Director Barbet Schroeder’s 2002 thriller is movie-making by numbers as Ryan Gosling and Michael Pitt star as two arrogant yuppie high-school boys who kill a woman for kicks and, via fake evidence, false alibis and general lying, play mind games with the police detectives (Sandra Bullock, Ben Chaplin) on the case.
The case is assigned to detectives Cassie ‘the hyena’ Mayweather (Bullock), whose previous way of life haunts her, and her clever cop partner, Sam Kennedy (Chaplin), newly transferred from the vice squad. The two gifted students carry out their ‘perfect murder’ and set up as the patsy their school janitor and marijuana supplier (Chris Penn), making him appear as the psychotic serial killer. As the detectives manage to fall out over their opposing attitudes towards the investigation, the two students engage in an intellectual cat and mouse game with the seasoned homicide detective Mayweather.
This enjoyable enough thriller provides a welcome change of pace for Bullock as a tormented cop but it doesn’t entirely pay off for her when the yarn becomes increasingly more preposterous in its efforts to entertain and surprise.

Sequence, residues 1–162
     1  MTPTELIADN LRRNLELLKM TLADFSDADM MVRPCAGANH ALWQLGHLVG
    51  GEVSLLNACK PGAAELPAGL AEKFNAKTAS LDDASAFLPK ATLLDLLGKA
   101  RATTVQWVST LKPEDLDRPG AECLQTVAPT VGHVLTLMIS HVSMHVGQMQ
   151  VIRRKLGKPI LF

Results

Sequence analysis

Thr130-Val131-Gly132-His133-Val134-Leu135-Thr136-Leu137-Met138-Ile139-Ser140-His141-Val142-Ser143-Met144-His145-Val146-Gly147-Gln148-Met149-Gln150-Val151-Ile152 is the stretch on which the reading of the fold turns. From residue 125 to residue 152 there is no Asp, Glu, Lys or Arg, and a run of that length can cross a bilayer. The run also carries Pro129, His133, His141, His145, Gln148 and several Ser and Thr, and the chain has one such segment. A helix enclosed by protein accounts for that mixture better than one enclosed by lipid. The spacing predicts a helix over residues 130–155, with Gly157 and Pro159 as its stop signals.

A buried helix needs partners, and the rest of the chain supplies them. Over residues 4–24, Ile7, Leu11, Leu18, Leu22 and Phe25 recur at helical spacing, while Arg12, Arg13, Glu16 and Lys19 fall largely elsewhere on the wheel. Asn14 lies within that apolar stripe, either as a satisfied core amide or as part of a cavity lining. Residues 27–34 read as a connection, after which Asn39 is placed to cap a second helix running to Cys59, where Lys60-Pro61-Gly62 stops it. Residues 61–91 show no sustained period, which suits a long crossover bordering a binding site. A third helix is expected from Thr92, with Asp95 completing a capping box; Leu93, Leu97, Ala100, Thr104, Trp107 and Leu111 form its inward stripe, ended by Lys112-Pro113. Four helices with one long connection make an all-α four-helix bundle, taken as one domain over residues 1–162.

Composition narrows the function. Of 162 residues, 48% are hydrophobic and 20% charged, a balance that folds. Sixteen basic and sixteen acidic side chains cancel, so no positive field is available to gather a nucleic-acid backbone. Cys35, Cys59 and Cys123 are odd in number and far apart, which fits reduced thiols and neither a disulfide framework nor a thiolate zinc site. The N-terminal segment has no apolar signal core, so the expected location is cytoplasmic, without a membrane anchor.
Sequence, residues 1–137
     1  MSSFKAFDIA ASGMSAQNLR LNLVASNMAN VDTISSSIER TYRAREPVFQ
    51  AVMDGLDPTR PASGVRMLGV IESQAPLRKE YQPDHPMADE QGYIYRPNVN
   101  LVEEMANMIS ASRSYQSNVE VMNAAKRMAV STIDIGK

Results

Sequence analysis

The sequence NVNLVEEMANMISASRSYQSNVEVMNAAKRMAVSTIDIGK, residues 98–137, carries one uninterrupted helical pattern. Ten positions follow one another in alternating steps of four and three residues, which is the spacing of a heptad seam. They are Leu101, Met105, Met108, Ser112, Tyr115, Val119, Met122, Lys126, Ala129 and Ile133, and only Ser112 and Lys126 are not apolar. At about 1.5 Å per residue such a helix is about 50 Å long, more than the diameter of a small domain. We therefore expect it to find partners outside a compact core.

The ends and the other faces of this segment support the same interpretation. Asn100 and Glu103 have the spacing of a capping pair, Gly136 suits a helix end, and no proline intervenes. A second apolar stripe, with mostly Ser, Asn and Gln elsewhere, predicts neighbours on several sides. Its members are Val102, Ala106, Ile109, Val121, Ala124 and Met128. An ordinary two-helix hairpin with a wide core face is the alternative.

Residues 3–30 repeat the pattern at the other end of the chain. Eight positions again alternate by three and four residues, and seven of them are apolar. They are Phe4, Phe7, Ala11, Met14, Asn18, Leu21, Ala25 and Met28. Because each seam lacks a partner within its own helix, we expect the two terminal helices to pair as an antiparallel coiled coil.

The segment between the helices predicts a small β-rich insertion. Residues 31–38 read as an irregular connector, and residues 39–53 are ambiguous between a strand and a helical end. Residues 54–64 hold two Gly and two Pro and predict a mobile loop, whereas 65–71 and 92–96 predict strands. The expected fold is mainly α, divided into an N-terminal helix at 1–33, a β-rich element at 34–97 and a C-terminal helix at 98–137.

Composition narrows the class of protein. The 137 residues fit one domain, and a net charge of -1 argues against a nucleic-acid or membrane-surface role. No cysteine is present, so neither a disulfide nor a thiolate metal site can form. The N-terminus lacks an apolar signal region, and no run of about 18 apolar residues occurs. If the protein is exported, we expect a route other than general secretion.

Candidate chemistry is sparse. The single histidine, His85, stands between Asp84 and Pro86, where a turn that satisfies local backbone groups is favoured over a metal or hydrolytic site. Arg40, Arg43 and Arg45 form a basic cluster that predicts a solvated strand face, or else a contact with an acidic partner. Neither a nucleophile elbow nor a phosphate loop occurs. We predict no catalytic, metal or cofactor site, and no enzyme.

The problem is that the Columbo-style story is basically very simple and straightforward, and writer Tony Gayton has to turn cartwheels to keep it going for two full hours with bizarre twists, shocks and surprises. Gosling and Pitt play more interesting characters than those of Bullock and Chaplin, which is another problem, since Bullock is the top-billed star and the script insists too often on keeping being about her and her troubled past.
The story recalls the real-life Leopold-Loeb murder case explored in Alfred Hitchcock’s Rope, Richard Fleischer’s Compulsion and Tom Kalin’s Swoon, but those three films were all much cleverer. Shorter and sharper would be better here but, nevertheless, Murder by Numbers is an entertaining time-passer and it’s worth a look even if just for the cast.
© Derek Winnert 2014 Classic Movie Review 1673
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